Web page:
Designers are odd people, while their work turns them into maniacs that see every bad kerning in a newspaper, they usually have a harder time with people criticizing their work. Here is a few tips on how to handle it in a client/freelancer relationship.
- Don’t take it personal
Unless the person you are talking to is insulting you, the criticism isn’t directed at you but at your work. It is often hard to take a step back when working hard on a project and creative people tend to be very emotional about their work. While it’s understandable to react that way, it’s certainly wiser to accept critics for what they are: an fresh look on the work you’ve produce, not a judgement on your person.
- Help your interlocutor to formulate his critics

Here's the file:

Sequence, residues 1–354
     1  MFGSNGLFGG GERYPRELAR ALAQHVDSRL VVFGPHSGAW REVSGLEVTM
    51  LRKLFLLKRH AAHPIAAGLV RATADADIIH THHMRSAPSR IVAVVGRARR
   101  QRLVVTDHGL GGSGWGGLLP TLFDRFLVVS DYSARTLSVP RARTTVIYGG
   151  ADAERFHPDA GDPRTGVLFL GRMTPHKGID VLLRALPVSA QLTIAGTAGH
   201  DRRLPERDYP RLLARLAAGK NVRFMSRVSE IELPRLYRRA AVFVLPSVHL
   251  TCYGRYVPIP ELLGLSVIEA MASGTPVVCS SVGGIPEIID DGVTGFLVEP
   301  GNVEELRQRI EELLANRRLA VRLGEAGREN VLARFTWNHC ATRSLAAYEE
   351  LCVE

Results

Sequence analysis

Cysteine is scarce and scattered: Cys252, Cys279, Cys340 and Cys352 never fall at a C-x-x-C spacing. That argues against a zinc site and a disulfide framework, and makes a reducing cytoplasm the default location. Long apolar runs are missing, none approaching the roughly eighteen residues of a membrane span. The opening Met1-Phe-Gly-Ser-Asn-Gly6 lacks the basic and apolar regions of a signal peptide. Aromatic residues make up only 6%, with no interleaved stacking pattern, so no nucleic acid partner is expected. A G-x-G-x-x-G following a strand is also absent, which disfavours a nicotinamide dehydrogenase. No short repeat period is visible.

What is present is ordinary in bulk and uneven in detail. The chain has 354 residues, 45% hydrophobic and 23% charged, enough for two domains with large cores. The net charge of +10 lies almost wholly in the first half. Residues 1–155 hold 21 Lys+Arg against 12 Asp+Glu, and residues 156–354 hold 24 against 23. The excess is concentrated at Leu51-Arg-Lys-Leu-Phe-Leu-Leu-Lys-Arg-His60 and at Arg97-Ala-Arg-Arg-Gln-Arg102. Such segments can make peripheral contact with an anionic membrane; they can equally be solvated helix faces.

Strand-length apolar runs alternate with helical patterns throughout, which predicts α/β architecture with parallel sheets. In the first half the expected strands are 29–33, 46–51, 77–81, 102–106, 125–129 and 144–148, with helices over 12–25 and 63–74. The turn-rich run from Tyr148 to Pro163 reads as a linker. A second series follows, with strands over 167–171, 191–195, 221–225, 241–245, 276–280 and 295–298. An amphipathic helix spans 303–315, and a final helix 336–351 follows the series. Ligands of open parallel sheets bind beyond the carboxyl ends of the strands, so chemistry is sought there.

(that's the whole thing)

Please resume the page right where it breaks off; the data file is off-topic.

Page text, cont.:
Many times my clients are trying to tell me that they are not satisfied with one thing, but they are just too broad in their critics. Force them (nicely) to be specific about it by asking them accurate questions. People are not all artistic directors, help them to formulate their thoughts.
- Write it down
This is a technique I often use when I think that a client is absolutly wrong. I write his critic down and tell him that I’ll think about how to solve it. Then by the next time you meet him, he will not have forget his critics but he surely will be more used to the design and more likely to accept it. Of course this technique should only be used when you are confident about what you’ve done, otherwise it may as well become counter-productive.
- Don’t try to justify yourself
Arguing about critics will only give one impression to your interlocutor, he will think that you are being defensive and can’t handle criticism. That will surely have an impact on the conversation and make it less productive. By not trying to justify yourself, you’ll just come out looking more professional.